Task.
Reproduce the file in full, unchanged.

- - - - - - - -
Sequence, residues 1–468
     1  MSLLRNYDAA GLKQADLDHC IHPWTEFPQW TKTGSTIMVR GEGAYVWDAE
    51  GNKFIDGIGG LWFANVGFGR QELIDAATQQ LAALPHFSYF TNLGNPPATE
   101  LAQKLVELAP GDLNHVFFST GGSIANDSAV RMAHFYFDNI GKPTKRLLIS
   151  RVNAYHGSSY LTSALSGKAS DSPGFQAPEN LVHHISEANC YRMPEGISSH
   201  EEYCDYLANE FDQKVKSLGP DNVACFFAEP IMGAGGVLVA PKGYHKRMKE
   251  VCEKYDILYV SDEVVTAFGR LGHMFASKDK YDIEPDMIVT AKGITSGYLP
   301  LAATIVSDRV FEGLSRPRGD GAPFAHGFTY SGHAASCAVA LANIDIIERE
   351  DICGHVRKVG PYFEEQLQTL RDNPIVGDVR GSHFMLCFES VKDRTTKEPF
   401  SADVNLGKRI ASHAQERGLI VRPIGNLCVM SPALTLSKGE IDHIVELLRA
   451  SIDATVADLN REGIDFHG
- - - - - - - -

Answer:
Sequence, residues 1–468
     1  MSLLRNYDAA GLKQADLDHC IHPWTEFPQW TKTGSTIMVR GEGAYVWDAE
    51  GNKFIDGIGG LWFANVGFGR QELIDAATQQ LAALPHFSYF TNLGNPPATE
   101  LAQKLVELAP GDLNHVFFST GGSIANDSAV RMAHFYFDNI GKPTKRLLIS
   151  RVNAYHGSSY LTSALSGKAS DSPGFQAPEN LVHHISEANC YRMPEGISSH
   201  EEYCDYLANE FDQKVKSLGP DNVACFFAEP IMGAGGVLVA PKGYHKRMKE
   251  VCEKYDILYV SDEVVTAFGR LGHMFASKDK YDIEPDMIVT AKGITSGYLP
   301  LAATIVSDRV FEGLSRPRGD GAPFAHGFTY SGHAASCAVA LANIDIIERE
   351  DICGHVRKVG PYFEEQLQTL RDNPIVGDVR GSHFMLCFES VKDRTTKEPF
   401  SADVNLGKRI ASHAQERGLI VRPIGNLCVM SPALTLSKGE IDHIVELLRA
   451  SIDATVADLN REGIDFHG